Young Gauss

The story goes that when Carl Friedrich Gauss (1777–1855) was 10 years old, his teacher gave the pupils in an arithmetic class the problem of summing the integers from 1 to 100. Gauss came up with the answer almost immediately: 5050. He had found it by noting that the sum consists of 50 pairs of numbers, where each pair sums to 101.

In effect, Gauss had discovered a simple method for summing an arithmetic sequence (or arithmetic progression). In an arithmetic progression, each term is calculated from the previous one by adding (or subtracting) a constant value. To get the sequence’s sum, multiply the number of terms by the average of the smallest and largest terms.

This famous story testifies to Gauss’s mathematical precocity as a child. It’s repeated—with variations and differing amounts of detail—in many textbooks, articles, and Web pages. Math teachers often tell it to their students.

One particularly detailed account is in the biography Gauss: Titan of Science by G. Waldo Dunnington. Long out of print, the book has recently been republished by the Mathematical Association of America. It’s considered the most comprehensive biography of Gauss available in English

Dunnington provided all sorts of details. The teacher was J.G. Büttner, director of the St. Katharine’s Volksschule. The school seems to have had a medieval flavor—dingy surroundings and teachers ready to use the whip to encourage learning.

“Büttner once gave the class the exercise of writing down all the numbers from 1 to 100 and adding them,” Dunnington wrote. “The pupil who finished an exercise first always laid down his tablet in the middle of a big table; the second laid his on top of this, and so forth. The problem had scarcely been given when Gauss threw his tablet on the table and said in Brunswick low dialect: ‘Ligget se‘ (There ’tis).”

There are many other variants of the story. Some accounts insist that the teacher assigned the problem just to keep the class busy (and quiet) for a long period so he could take a break.

Intriguingly, E.T. Bell’s account of Gauss’s life in his 1937 book Men of Mathematics suggests that the problem Gauss faced wasn’t actually as simple as summing the integers from 1 to 100.

“As it was the beginning class none of the boys had ever heard of an arithmetical progression,” Bell wrote. “It was easy then for . . . Büttner to give out a long problem in addition whose answer he could find by a formula in a few seconds. The problem was of the following sort, 81297 + 81495 + 81693 + . . . + 100899, where the step from one number of the next is the same all along (here 198), and a given number of terms (here 100) are to be added.”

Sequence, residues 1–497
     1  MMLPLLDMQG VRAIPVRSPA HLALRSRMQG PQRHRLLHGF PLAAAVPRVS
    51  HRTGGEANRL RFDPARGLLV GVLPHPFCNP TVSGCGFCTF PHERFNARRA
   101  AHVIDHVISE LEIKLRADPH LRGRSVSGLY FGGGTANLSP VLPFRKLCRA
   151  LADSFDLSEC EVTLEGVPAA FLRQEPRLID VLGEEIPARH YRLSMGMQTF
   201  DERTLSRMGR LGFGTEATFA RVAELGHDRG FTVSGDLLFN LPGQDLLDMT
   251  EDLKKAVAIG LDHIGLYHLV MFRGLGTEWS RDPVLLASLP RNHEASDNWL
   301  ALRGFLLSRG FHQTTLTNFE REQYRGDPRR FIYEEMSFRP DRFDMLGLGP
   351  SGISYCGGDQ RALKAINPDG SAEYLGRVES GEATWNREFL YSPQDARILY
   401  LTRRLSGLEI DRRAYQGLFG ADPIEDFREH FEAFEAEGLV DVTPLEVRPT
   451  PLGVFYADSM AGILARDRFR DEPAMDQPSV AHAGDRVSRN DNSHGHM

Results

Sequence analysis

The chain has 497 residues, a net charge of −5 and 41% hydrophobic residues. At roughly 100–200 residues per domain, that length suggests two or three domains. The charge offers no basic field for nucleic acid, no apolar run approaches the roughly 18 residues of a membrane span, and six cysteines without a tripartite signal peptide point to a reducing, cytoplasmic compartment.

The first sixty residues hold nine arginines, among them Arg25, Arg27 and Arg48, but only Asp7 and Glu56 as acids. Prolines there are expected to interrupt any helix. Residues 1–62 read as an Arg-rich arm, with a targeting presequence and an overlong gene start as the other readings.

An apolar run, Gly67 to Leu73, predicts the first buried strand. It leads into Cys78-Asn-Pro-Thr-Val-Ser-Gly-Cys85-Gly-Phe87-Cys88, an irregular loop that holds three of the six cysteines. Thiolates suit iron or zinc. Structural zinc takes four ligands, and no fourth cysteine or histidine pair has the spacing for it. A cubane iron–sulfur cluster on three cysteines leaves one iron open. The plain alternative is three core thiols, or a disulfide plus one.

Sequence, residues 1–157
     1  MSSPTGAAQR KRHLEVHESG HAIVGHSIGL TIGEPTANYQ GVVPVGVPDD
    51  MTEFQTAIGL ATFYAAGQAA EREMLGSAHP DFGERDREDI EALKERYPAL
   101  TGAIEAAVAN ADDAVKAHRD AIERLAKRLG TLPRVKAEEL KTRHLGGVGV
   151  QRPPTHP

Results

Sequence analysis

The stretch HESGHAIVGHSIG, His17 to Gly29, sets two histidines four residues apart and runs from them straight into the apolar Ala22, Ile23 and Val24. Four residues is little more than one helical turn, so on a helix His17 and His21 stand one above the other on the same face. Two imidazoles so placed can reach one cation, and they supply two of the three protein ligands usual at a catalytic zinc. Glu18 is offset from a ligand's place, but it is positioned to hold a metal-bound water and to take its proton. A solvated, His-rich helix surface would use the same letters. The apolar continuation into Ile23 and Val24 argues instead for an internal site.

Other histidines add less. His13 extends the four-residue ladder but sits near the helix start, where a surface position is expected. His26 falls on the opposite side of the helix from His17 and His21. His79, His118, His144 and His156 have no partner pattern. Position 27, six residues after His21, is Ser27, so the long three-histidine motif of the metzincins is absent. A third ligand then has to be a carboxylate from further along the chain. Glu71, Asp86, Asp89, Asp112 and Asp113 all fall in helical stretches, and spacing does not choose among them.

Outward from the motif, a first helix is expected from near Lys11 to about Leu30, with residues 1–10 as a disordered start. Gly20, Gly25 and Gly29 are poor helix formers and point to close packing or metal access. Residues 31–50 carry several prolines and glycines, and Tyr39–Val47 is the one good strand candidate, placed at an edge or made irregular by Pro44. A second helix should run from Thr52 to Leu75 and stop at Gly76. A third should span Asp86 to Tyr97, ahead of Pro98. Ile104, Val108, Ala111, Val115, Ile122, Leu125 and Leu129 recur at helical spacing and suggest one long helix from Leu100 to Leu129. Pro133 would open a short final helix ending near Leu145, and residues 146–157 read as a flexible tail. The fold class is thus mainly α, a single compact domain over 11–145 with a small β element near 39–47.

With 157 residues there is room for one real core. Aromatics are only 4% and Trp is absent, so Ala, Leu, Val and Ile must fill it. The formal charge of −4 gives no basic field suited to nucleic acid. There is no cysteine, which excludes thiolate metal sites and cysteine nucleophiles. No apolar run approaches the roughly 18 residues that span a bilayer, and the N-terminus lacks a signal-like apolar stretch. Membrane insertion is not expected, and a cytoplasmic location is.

That’s a tougher problem, and it’s possible to imagine that it would take “ordinary” pupils a long time to solve it.

Just as in Dunnington’s version, Bell described Gauss as completing the problem very quickly and flinging down his slate.

“Then, for the ensuing hour, while the other boys toiled, he sat with his hands folded, favored now and then by a sarcastic glance from Büttner, who imagined the youngest pupil in the class was just another blockhead,” Bell wrote. “To the end of his days Gauss loved to tell how the one number he had written was the correct answer and how all the others were wrong.”

When details differ among various accounts, which story should you believe—and retell? Does it even matter?

In the mathematics classroom, it may be worth taking a little bit of extra trouble to get the facts right or, at least, to be as precise as possible. After all, mathematics is built on proof and precision. Aiming for the same standard in mathematical anecdote isn’t really too much to ask, even when you can’t be sure of the facts and simply have to admit upfront that a story may not be completely true.

Puzzle of the Week

There were 49 trees in an orchard, arranged so that there were seven rows, with seven trees in each row (see diagram, above). The gardener decided that the orchard was too crowded. He called in a worker and ordered: “Leave only five rows of trees, with four trees in each row. Cut down the rest and take them home for firewood as your payment for doing the work.”

When the tree cutting had finished, the gardener came to see the result. Much to his dismay, he found the orchard had only 10 trees left instead of the 20 trees he had expected.

“Why have you cut down so many? You were told to leave 20 trees!” the gardener shouted.

“No,” the worker replied. “You told me to leave five rows with four trees in each row. I did so. Just look.”

The gardener was amazed to find that the 10 remaining trees formed five rows with four trees in each row. How had the worker done it?

For the answer, go to

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